Guner Salih is 60 years old. He is Turkish Cypriot, has lived in the UK for 40 years. He is married to Helen and has two grown up children. He was a market trader for 28 years until he took over his deceased father-in-law’s gun shop in London’s East End. Guner had no experience of the gun trade. He has never been in trouble with the law before.
He has been charged with:
- possession of a firearm with intent to endanger life (an old Astro-cub belonging to his late father-in-law);
- possession of prohibited CS gas batons; (German pre-war purchased by Guner in a market)
- possession of prohibited ammunition;
- possession of ammunition without a certificate (small amounts of bullets, again from late father-in-law’s old stock) – total of 4 counts.
5 counts of conspiracy with two separate sets of co-defendants. The first set, who had roughly 80 prior convictions between them, stated to the judge that Guner was not involved in any way. They pleaded guilty, were given 9 years and are now out. The second set (father and son) son was given 15 years and father was given 7 years and the father has only another year to serve. The father had 11 offences of possessing prohibited weapons (58 offences were taken into consideration) and a conviction for theft.
Guner was sentenced to 7 years for no. (1) above, reduced to 3 years on appeal, to run consecutively. For the remainder of the ammunition/CS charges he was given various sentences running concurrently, the maximum of which was 5 years. He was given 7 and a half years for each of the conspiracy charges, again each running consecutively. He is now serving 18 years reduced from the original 22 year sentence.
Both conspiracy charges relate to selling replica guns with intent to convert to firing weapons. Conversion tools were found in first co-defendants’ 7 lock-ups. No such equipment was ever found in Guner’s shop or home and he was acquitted from the charge of conversion, but charged with knowing about it and possibly re-selling the converted guns. During surveillance by police one only of first co-conspirators was seen entering 7 times and carrying something out twice. Another gun shop also under surveillance was seen to supply replica guns in bulk, but on challenge by police were given two days to get their receipts and paperwork in order. Guner was not. They stated they became suspicious and ceased to supply co-defendants in August, but they were seen in and out at least 3 times after that and were arrested outside the gun shop the following Feb. That gun shop was never searched.
Concerning the second co-defendants, the father was a weapons collector. Police inferredthat the son brought a bag to Guner’s shop containing the Astro-cub for Guner to re-sell. The conspiracy aspect relates to three bullets, one found in possession of first set of co-defendants, the second found in Guner’s possession and a third bullet found with second co-defendants. Prosecution stated 15-20% similarity between the three bullets. Defence stated no real similarity. The bullet relating to first co-defendants was destroyed by police.
The trial began in 2004. The first co-defendants pleaded guilty. Prosecution wanted Guner to stand alone. Shortly afterwards Guner had a massive heart and two cardiac arrests, had a stent put in and the trial resumed in 2005, but Guner then became too ill to carry on and the trial did not continue until 2006 by which time the second two co-defendants had been identified by police using Guner as the link between them. Guner’s defence counsel was then too busy to carry on and appointed another barrister in her place. Summing up was done by the judge in Guner’s absence, despite his request that he be present because the judge had considerable pressure from the jury, at least three of whom needed to leave by specific dates. Neither Guner nor his wife has ever seen the papers on the summing up by the judge.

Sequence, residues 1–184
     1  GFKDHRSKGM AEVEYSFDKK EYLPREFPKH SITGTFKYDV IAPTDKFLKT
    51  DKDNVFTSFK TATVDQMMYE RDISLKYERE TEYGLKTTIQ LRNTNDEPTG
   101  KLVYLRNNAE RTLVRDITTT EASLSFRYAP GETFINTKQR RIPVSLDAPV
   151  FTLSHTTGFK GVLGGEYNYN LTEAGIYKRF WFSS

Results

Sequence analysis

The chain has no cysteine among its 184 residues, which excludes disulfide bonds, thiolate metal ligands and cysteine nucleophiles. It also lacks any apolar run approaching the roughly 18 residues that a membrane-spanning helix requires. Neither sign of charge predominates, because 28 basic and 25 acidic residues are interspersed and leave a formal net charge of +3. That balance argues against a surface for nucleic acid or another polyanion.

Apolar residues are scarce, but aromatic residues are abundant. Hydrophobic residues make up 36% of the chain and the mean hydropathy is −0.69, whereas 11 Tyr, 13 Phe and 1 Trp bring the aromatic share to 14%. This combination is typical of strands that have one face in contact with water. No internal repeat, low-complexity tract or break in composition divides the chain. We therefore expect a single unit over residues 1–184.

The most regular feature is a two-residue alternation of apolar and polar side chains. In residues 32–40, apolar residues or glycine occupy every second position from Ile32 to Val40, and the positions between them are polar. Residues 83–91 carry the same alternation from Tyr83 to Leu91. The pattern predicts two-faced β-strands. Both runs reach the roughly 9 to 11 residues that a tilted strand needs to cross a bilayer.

Re: gun charges – Guner was collecting together all old weapons and ammunition on 1stApril 2003 to hand these in on first day of amnesty when police arrested him. Why was he not given the opportunity to do so?
Re: first co-defendants who actually said they were not connected in any way with Guner and yet they were ignored. Why?
Guner pleaded innocent throughout and ended up with a much longer sentence than those who had a string of prior convictions but had pleaded guilty.
Re: second set of co-defendants – the son got 7 years for conspiracy with Guner but the timescale does not match. Conspiracy period stated as 1st April to 30th June but Guner was arrested on 1st April and only came out of prison on 13th June. The son was in America until 28th June and was arrested on 30th June. Surely the whole conspiracy couldn’t have taken place in two days.
There has never been any DNA match with Guner to support the charges.
The indecent haste of the jury to convict on such flimsy evidence has clearly resulted in an unjust verdict.
Why were the police so lenient with the other gun shop?
We cannot help wondering whether the fact that Guner is a Turkish Moslem has contributed both to the charges in the face of lack of corroborative evidence and the jury’s view of the case during a period of high risk of terrorism.
Sadly, Guner is in extremely poor health and is unlikely to survive this prison sentence. It is even harder to survive in prison knowing that you are innocent.